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November 09, 2021 4 min read

As the fall and winter season settles across the northern hemisphere, do you find yourself dealing with different ailments or changing your routine to account for the weather and lack of daylight? In Ayurveda, it is well understood that the change of season undoubtedly affects our bodies and immune systems. Whether it’s seasonal allergies based on what is blooming, dry skin due to cold weather and lower humidity, or illness due to seasonal viruses like the flu, the fall and winter bring.

Because we are an integral part of the natural environment, but generally live out of tune with nature in Western society, we need to focus extra attention on listening to what our bodies need at this time. Before we provide some tips to help your body adjust, we want to offer some background knowledge on how Ayurveda recognizes the seasons and periods of time within a year.

“Ayurveda teaches us something beautiful, something that Western medicine is yet to acknowledge in its entirety—that we do not exist in isolation from the natural world, but as an integral part of it, relying on it for our health and well-being.”

Ayurveda and the Seasons

As society spends more time indoors with access to the same foods year round despite seasonality, and as climate change impacts the length and duration of the seasons, our bodies have a harder time adjusting naturally throughout the year.

In Ayurveda, a year is divided into two periods, known as kaal, and each includes multiple seasons:

  1. Uttarayana: the cold months. The seasons include autumn/fall, late autumn/pre-winter, and deep winter. 
  2. Dakshinayana: the warm months. The seasons of spring and summer.

Additionally, yourdosha type plays an important role in how you adjust to the seasons. Everyone is born with a unique mix of the three doshas (Vata, Pitta, & Kapha). But one is usually stronger than the others. Each one controls a different body function. It is believed that your chances of getting sick and the health issues you develop are linked to the balance of your doshas.

For more information about doshas and the seasons read thisarticle “Relationship Between the Doshas and the Seasons by the Art of Living Retreat Center.

Healthy Tips for the Fall and Winter 

Keeping up with Ayurvedic principles during this time can help make the transitions easier on your mind, body, and spirit.

Here are some Ayurvedic tips to ease your transition into Autumn no matter your dosha type:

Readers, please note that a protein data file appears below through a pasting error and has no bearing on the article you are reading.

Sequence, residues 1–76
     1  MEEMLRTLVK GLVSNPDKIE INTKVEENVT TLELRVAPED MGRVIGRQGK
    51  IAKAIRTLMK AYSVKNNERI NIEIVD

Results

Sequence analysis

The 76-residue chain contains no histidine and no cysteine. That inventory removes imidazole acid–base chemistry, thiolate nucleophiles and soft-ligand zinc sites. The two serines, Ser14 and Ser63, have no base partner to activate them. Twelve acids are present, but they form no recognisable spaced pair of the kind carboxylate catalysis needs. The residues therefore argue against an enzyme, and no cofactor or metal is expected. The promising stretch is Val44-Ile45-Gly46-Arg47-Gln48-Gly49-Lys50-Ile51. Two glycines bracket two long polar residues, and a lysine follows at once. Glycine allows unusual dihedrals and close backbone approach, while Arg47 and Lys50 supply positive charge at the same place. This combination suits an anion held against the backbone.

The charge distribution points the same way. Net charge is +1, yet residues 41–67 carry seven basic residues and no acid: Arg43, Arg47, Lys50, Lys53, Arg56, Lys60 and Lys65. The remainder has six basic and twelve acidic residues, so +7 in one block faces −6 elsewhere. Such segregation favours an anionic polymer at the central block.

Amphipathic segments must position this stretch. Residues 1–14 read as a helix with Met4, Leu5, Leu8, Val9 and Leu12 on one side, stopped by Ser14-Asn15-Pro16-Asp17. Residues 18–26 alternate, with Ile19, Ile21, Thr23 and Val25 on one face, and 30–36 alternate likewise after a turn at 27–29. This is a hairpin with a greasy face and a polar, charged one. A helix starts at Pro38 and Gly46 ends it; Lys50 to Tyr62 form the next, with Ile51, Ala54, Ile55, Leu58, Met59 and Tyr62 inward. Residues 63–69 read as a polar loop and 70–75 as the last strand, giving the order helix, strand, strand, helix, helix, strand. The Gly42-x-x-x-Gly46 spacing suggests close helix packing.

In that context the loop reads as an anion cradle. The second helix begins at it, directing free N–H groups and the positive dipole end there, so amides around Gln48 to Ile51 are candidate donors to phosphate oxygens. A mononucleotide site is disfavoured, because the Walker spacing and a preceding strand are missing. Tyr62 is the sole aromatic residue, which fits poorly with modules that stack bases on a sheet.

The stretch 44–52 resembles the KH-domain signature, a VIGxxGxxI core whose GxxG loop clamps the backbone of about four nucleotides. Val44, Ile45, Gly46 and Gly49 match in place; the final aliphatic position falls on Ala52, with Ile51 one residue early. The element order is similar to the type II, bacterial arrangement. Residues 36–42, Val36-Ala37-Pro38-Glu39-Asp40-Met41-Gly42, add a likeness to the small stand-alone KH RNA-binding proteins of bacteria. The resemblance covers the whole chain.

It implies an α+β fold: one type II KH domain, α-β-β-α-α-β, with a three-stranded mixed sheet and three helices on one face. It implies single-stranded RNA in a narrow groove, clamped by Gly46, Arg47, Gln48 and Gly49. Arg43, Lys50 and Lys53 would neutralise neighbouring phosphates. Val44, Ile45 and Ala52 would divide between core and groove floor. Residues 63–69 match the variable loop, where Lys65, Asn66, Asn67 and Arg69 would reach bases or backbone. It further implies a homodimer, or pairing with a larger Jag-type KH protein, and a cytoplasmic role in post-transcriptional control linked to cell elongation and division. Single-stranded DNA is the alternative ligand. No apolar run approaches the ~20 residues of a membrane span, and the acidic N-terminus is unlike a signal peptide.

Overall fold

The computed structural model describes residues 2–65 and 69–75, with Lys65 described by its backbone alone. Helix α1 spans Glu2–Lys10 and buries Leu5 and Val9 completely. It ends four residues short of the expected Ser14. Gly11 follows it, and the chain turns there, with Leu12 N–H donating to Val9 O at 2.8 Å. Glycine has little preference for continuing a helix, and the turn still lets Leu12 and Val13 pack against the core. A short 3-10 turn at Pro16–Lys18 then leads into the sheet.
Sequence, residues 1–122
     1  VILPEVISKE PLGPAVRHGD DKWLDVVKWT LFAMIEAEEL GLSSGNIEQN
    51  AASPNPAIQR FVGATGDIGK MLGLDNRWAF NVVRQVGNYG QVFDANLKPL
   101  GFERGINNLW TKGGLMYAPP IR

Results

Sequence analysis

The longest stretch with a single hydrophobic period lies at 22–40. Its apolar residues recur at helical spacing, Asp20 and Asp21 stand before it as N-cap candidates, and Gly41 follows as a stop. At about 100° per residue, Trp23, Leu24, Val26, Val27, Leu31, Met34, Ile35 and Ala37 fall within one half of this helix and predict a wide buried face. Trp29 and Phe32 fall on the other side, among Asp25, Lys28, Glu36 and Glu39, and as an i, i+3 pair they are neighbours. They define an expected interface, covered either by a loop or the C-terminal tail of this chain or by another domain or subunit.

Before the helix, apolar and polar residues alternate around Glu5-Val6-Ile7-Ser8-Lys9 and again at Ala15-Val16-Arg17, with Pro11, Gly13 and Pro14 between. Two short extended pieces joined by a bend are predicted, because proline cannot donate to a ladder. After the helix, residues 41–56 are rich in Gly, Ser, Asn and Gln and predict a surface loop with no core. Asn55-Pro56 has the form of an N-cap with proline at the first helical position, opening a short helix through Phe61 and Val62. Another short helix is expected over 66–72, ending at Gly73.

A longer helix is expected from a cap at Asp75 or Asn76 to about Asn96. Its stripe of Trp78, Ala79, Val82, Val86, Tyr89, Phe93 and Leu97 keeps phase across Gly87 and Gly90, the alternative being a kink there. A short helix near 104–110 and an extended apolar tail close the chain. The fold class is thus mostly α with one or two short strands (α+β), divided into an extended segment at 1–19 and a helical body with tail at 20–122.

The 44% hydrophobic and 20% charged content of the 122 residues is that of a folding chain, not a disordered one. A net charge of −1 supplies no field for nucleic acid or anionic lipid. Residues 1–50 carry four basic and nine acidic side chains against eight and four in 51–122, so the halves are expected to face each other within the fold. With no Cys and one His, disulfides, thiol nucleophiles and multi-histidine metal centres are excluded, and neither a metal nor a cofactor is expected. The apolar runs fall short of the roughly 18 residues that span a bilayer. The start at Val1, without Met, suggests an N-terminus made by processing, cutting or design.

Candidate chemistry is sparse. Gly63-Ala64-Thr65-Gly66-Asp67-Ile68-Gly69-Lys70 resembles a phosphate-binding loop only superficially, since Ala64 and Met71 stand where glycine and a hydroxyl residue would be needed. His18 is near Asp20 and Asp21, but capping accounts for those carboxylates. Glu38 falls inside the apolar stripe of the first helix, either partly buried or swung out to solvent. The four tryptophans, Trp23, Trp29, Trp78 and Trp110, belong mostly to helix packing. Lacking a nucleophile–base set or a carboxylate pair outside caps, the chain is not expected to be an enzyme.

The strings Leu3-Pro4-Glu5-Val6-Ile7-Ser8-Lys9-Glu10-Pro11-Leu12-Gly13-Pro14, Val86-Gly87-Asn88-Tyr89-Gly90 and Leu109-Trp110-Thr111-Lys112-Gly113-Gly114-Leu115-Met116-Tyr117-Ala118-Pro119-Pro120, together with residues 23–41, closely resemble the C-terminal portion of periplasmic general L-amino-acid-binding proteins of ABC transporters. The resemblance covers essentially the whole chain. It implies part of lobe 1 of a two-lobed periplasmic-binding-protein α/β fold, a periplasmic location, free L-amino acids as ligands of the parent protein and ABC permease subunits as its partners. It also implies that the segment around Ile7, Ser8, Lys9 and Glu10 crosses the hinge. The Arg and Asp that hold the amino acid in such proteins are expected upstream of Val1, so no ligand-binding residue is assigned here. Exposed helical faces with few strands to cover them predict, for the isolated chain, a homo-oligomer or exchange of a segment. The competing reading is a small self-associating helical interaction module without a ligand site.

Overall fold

• Enjoy cooling fruits (apples, pears, etc.)
  • Choose sweet foods like sweet potatoes and melons to calm your body during the season change
  • Go for hearty food options and avoid foods that are too rich in fat
  • Get yourself into a morning routine and actually stick to it all fall and winter. 
  • Keep your skin moisturized and hydrated 

Food and the Seasons

Many of us are accustomed to eating our favorite foods year-round since grocery stores provide a wide selection of fresh foods despite the seasons - you can thank global trade for that. However, there still are foods you may avoid in certain seasons like a hot bowl of chili on a summer day or a cooling watermelon salad in the dead of winter. 

Sometimes it is obvious that certain foods and the seasons may not go well together. Ayurvedic sciences goes much deeper than that, but ultimately, it’s all about choosing the right food for the time of year so that your “healthy eating” does not actually harm you and impact your immune system, skin, or even sleep in negative ways.

Here’s a great Ayurvedic fall recipe that you can try this week!

Khichdi - The Classic Detoxifying Ayurvedic Recipe

Khichdi is a simple yet wholesome meal filled with antioxidants that not only boosts your energy  but also improves your immune system. It is low in glycemic index and so can be an excellent meal for those with diabetes or digestive challenges.

Below recipe serves 2 


  • 3 Tbsp White rice (White rice gives the traditional flavor but Brown, Red or any rice of your choice should be fine.You can also split the portion by using ½ Rice and ½ Quinoa or cook entirely with Quinoa as well)
  • 6 Tbs Moong Dal (Yellow Split Gram)
  • 1 inch ginger, finely cut
  • 1 large size tomato cut up (optional)
  • ½ cup of finely cut veggies (Peas, beans, Carrot, beans, Cauliflower) (Veggies are optional)
  • 1 Indian/Thai chilli , finely cut
  • ½ tsp of Turmeric
  • 1 tsp of Cumin seeds
  • 2 Tbsp Ghee
  • 1/2 Lime/Lemon ( Optional )
  • Cilantro ( Optional)

Cooking instructions

  • Wash the Rice and Dal together in a pot. Wash 2-3 times till the water is almost clear.
  • Add the diced vegetables : tomato, peas, beans, carrot, cauliflower ( Optional )
  • Add Turmeric
  • Add 3 cups of water if using a pressure cooker or InstaPot. If cooking directly in a pot, without pressure, add about 5 cups as the Dal will take some time to cook without any pressure cooking.
  • If using a pressure cooker or InstaPot, wait for the 2 whistles. The Dal, rice and vegetable mixture should be very soft and creamy when fully cooked.
  • Add salt as per your taste and mash the mixture till its soft and creamy texture.
  • In a separate pan, use a low flame and add 2 tbsp of Ghee. Once warm, add 1 tsp of Cumin seeds, chill and ginger. Once it starts popping, add this to the Rice and Dal mixture. Stir well.
  • You can add a sprinkle of lemon juice on top and garnish with cilantro (Both are optional).
  • Khichdi is ready to be served! 

Changing seasons can be hard on our bodies, but Ayurvedic principles and tips can make it easier. Incorporate these into your regular life and see how the change helps you! 

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